Several high schools and colleges across the country move to Elements each year, according to a Jostens representative. Lincoln will begin using the biodegradable gowns in the 2020-21 school year.

PMG PHOTO: COURTNEY VAUGHN - Sriya Chinnam of Portland speaks during a 2020 climate emergency press conference in downtown Portland. The former Lincoln High School student pushed her school to allow students to purchase more environmentally friendly graduation gowns.
The most difficult part of helping coordinate the switch was building relationships and confidence with the administration, Chinnam said. One potential difficulty Leathers cited was the inability of older siblings to pass down their caps and gowns to their younger siblings. This is due to the slight change in design; the new gowns will not match the older ones.

"I'm sure there's going to be a couple years of pushback from maybe a handful of families, but I think, overall, I can take the heat," Leathers said. "It's worth it in the long term. It's all about creating sustainability where we can."

Elements gowns are made the same way as Jostens' traditional gowns but are $2 to $4 more than traditional cap-and-gown set. Chinnam believes the extra expense is worth it.

"The other gowns are made out of synthetic materials, which allows companies like Jostens to lower the price because they already have the manufacturing systems and factories set up to produce exactly what they want,"Chinnam said. "These new gowns are biodegradable, they are going to be more expensive because the production line for biodegradable gowns, or biodegradable anything, isn't as efficient as non-biodegradable items."

Chinnam noted that Lincoln has a system in place to help students rent or borrow gowns.

In years past, Leathers has collected willing students' caps and gowns so that other students could wear them in future years.

This year, though, COVID-19 prevented Leathers from coordinating the senior drop-off. While many seniors had to keep their caps and gowns, the break from tradition made the switch to the new graduation attire easier, Leathers said.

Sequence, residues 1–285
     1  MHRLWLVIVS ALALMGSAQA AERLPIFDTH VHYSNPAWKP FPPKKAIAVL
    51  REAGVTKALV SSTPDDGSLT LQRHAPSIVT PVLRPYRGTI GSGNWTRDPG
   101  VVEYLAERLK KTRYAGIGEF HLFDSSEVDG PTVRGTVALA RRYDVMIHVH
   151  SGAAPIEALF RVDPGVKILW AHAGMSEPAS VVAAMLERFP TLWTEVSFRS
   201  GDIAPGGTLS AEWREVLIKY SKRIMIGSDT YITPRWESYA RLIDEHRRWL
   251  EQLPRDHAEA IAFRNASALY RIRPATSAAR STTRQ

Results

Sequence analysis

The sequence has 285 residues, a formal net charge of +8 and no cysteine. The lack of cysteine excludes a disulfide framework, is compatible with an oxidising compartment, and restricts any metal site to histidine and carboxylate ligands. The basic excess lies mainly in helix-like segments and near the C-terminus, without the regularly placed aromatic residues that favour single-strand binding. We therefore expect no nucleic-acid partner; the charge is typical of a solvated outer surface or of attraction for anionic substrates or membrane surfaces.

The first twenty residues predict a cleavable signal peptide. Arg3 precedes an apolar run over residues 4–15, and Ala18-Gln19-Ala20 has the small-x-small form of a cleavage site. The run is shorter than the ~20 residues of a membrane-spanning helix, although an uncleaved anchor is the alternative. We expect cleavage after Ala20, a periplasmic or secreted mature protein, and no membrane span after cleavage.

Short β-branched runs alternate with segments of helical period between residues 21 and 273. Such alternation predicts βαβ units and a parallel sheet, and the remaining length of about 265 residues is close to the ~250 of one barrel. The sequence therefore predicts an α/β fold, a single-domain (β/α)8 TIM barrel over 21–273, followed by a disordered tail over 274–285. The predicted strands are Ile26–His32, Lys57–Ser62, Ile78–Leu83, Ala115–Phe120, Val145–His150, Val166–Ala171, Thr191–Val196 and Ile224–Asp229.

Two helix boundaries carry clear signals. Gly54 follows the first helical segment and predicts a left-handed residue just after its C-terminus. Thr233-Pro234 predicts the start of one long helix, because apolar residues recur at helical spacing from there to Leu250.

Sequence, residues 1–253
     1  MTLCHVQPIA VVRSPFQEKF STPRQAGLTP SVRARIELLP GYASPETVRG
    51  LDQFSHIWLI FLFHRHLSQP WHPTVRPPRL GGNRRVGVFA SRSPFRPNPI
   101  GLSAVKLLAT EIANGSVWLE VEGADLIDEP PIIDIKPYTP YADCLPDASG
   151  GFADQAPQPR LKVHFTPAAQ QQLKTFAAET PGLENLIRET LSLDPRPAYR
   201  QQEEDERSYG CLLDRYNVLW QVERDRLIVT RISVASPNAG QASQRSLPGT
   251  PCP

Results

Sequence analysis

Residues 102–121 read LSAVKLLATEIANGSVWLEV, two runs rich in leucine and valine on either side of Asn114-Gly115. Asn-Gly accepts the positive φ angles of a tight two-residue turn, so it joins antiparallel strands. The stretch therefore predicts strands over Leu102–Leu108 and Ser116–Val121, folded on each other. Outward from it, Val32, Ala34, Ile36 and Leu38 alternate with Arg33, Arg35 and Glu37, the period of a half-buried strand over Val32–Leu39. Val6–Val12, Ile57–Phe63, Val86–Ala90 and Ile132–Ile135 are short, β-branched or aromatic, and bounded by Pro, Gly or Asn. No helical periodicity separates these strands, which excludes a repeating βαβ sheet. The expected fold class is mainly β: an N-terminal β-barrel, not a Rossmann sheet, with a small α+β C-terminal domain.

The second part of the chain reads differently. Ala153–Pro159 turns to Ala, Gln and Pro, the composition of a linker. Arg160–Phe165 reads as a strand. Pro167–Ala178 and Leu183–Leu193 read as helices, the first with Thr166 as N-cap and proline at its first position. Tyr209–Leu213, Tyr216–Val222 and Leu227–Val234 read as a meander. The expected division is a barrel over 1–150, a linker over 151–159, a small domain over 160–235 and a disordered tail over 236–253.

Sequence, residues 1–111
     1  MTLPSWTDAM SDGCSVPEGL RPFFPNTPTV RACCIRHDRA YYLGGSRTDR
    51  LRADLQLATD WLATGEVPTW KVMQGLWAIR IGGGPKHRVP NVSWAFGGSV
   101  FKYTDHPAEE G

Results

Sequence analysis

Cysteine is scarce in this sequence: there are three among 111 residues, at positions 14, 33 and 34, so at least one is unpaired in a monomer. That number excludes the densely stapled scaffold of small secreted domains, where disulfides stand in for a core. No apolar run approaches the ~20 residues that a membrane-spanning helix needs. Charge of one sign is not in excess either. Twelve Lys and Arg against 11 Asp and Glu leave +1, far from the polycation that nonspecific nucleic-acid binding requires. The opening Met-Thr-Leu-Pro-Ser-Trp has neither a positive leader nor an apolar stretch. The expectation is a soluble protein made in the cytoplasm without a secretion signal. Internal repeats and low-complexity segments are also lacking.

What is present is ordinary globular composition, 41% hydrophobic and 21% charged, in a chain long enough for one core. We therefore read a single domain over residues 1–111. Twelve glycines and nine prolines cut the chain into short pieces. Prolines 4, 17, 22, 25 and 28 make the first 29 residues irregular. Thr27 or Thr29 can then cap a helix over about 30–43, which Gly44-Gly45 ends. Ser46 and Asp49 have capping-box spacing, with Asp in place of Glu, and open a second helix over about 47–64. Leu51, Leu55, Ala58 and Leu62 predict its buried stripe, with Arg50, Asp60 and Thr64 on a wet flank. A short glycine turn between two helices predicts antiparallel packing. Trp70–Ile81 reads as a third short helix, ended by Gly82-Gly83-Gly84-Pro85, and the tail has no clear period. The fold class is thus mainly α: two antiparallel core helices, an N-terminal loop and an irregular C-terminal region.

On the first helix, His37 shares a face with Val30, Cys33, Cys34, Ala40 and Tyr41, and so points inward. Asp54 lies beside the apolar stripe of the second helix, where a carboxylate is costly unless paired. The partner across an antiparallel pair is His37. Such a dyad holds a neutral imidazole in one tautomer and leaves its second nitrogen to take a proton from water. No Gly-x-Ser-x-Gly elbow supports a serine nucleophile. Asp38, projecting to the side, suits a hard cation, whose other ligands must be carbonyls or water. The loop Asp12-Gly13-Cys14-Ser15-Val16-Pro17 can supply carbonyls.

Like any other gown, Elements can be passed on to be reused, but some may choose to keep them or try to find a way to compost them.

"I think the best part of the switch is knowing that those forgotten caps and gowns that end up in the landfill, which is, I'm sure, a huge percentage, will be biodegradable," Leathers said. "Our impact on the environment won't be as [large] because we're cutting out one more piece."

Currently, Lincoln, Franklin and Wilson are the only high schools in the Portland district that have switched to this new, sustainable graduation attire, according to a Jostens representative. As more people speak out on the irreversible effects of climate change, Chinnam hopes that more schools around the state, and eventually the country, will adopt this graduation wear.

"It's awesome that people at Lincoln are going to be wearing these biodegradable graduation gowns that harm the environment less than the other version,"Chinnam said. "I hope that more activists at Lincoln in this upcoming year are able to spark this shift in our entire district the same way Lincoln did."

Cate Bikales, an incoming junior at Lincoln High School, is one of two summer interns working for Amplify, a Metro-supported project aimed at elevating the voices of students from communities historically underrepresented in local newsrooms. Contact her at This email address is being protected from spambots. You need JavaScript enabled to view it..

Amplifying voices

This story is possible because of Amplify, a community

storytelling initiative of Pamplin Media Group and Metro, the Portland regional government. Amplify supports two summer internships for high school journalists in the Portland metro region to cover important community issues. The program aims to elevate the voices of student journalists from historically underrepresented groups, such as communities of color, low-income residents and others. Pamplin Media Group editors oversee the interns, and Metro plays no role in the editorial process. Read more at